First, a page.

Ministerial aide roles complete government reshuffle
The finishing touches are being put to Monday's government reshuffle, with the appointment of a number of ministerial aides to influential positions.
Rob Wilson has been named as parliamentary private secretary (PPS) to Chancellor George Osborne, having previously filled the equivalent role for Health Secretary Jeremy Hunt.
Although unpaid, PPS roles are seen as a springboard to a ministerial career.
Separately, Mark Francois has been confirmed as armed forces minister.
Following Andrew Robathan's move to the Northern Ireland Office, it was unclear whether one of the existing ministers or new appointee Anna Soubry would have day-to-day responsibility for the armed forces.
Labour described this as an "outrageous snub" to the UK's serving personnel.
But the Ministry of Defence said Mr Francois would fill the role while the responsibilities of other ministers including Ms Soubry - the first ever female minister to work in the MoD - would be announced in due course.
Parliamentary private secretaries are regarded as the "eyes and ears" of Cabinet ministers and ministers of state in Parliament.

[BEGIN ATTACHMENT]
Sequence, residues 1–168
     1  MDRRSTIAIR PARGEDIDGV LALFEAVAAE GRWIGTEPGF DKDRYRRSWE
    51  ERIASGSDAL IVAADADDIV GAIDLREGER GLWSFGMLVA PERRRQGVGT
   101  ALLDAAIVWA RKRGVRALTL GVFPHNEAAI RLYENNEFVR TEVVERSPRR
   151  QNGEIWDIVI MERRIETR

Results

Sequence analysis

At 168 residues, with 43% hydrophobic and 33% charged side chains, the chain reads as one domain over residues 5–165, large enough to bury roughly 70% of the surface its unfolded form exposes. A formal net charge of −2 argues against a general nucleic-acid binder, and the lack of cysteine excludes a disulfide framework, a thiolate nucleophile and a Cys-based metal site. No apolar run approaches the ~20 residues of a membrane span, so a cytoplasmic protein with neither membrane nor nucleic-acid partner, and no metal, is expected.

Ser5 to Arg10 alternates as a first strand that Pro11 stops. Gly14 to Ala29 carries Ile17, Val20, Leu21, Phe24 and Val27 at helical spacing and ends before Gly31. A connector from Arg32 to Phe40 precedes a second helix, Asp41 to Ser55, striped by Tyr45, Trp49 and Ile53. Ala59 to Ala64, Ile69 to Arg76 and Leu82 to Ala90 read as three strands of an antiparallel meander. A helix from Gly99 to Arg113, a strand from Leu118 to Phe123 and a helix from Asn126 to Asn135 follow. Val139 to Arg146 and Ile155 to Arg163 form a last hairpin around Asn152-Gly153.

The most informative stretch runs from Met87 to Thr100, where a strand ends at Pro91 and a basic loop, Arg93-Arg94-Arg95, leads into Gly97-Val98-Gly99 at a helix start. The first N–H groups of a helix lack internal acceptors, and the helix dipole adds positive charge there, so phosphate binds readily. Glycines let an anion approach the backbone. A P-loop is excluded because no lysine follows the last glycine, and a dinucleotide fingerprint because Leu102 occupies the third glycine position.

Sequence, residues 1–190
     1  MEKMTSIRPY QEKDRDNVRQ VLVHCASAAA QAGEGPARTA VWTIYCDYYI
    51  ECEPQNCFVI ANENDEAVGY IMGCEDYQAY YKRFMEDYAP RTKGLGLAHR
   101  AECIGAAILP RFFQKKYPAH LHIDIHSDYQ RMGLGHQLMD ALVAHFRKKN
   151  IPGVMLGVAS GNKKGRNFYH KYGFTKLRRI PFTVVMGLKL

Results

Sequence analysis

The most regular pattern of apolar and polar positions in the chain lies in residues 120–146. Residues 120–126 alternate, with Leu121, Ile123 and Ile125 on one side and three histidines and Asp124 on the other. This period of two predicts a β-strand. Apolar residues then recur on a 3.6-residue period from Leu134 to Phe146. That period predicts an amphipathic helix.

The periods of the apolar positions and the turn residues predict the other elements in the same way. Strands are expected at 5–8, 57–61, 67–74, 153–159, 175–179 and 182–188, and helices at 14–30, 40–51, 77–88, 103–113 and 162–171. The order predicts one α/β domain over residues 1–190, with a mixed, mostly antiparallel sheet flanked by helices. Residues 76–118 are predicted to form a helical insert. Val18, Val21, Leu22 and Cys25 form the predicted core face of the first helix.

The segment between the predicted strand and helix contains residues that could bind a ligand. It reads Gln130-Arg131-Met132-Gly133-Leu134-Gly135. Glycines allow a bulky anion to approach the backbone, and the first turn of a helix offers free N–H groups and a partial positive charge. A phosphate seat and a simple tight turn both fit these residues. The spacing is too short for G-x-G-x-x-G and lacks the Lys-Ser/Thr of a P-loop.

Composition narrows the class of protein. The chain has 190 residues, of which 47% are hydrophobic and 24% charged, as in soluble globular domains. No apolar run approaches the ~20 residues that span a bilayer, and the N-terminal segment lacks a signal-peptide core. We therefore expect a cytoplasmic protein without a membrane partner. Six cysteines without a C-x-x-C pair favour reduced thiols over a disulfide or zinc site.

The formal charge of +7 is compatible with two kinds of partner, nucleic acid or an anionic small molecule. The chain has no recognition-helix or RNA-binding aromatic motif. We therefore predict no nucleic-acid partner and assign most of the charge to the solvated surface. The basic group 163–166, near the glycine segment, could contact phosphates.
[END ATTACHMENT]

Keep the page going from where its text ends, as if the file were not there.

They are expected to back the government in parliamentary votes or risk losing their positions.
'Eyes and ears'
Mr Wilson, who has been MP for Reading East since 2005 and wrote a book about how the Conservative-Lib Dem coalition came into being, tweeted that it was "great to be working at the heart of government".
David Cameron's new PPS is Gavin Williamson, the MP for South Staffordshire, who takes over from Sam Gyimah who was also made a whip as part of the reshuffle.
Mr Williamson, who was elected in 2010, had been doing the same role for transport secretary Patrick McLoughlin.
Among the ministerial aides to get government jobs in the reshuffle include Kris Hopkins, who has become a junior minister in the Department for Communities and Local Government.
Mr Wilson's predecessor, Amber Rudd, has been made a government whip.
Labour leader Ed Miliband appointed former Europe minister Wayne David as his PPS on Monday.
The Commons Public Administration Committee has criticised the growth in the number of PPS roles, saying they perform "few functions of real value" and their roles could easily be done by whips.
In a report in 2011, it called for a limit of one ministerial aide per department to reduce the so-called "payroll vote" in Parliament.